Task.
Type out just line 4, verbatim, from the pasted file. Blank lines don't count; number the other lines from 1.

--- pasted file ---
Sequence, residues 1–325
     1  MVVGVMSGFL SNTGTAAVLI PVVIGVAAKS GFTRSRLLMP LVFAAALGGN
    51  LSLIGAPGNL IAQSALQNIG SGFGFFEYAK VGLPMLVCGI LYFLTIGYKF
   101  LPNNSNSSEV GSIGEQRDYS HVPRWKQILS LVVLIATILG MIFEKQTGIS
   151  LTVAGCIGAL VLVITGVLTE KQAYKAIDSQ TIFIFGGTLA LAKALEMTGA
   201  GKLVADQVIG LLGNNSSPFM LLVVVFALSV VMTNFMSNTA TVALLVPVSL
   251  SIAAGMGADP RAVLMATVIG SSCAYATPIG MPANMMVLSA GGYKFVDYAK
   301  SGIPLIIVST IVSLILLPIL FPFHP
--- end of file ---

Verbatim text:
   101  LPNNSNSSEV GSIGEQRDYS HVPRWKQILS LVVLIATILG MIFEKQTGIS